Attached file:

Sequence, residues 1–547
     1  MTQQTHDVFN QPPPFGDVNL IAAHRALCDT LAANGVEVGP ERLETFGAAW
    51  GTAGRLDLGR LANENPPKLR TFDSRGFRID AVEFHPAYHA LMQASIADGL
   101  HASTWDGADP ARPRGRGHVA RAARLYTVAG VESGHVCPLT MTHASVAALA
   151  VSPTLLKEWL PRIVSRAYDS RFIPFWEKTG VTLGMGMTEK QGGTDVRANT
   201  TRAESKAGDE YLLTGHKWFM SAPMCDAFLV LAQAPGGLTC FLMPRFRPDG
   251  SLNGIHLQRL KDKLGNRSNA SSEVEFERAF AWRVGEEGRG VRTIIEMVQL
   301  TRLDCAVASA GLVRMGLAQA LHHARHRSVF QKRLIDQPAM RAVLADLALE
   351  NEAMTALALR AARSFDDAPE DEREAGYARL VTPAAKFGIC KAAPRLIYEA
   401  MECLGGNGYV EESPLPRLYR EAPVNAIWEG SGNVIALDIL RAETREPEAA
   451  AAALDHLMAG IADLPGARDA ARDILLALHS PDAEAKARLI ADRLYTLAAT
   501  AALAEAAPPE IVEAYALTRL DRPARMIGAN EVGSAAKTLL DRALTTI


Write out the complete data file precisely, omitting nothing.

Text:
Sequence, residues 1–547
     1  MTQQTHDVFN QPPPFGDVNL IAAHRALCDT LAANGVEVGP ERLETFGAAW
    51  GTAGRLDLGR LANENPPKLR TFDSRGFRID AVEFHPAYHA LMQASIADGL
   101  HASTWDGADP ARPRGRGHVA RAARLYTVAG VESGHVCPLT MTHASVAALA
   151  VSPTLLKEWL PRIVSRAYDS RFIPFWEKTG VTLGMGMTEK QGGTDVRANT
   201  TRAESKAGDE YLLTGHKWFM SAPMCDAFLV LAQAPGGLTC FLMPRFRPDG
   251  SLNGIHLQRL KDKLGNRSNA SSEVEFERAF AWRVGEEGRG VRTIIEMVQL
   301  TRLDCAVASA GLVRMGLAQA LHHARHRSVF QKRLIDQPAM RAVLADLALE
   351  NEAMTALALR AARSFDDAPE DEREAGYARL VTPAAKFGIC KAAPRLIYEA
   401  MECLGGNGYV EESPLPRLYR EAPVNAIWEG SGNVIALDIL RAETREPEAA
   451  AAALDHLMAG IADLPGARDA ARDILLALHS PDAEAKARLI ADRLYTLAAT
   501  AALAEAAPPE IVEAYALTRL DRPARMIGAN EVGSAAKTLL DRALTTI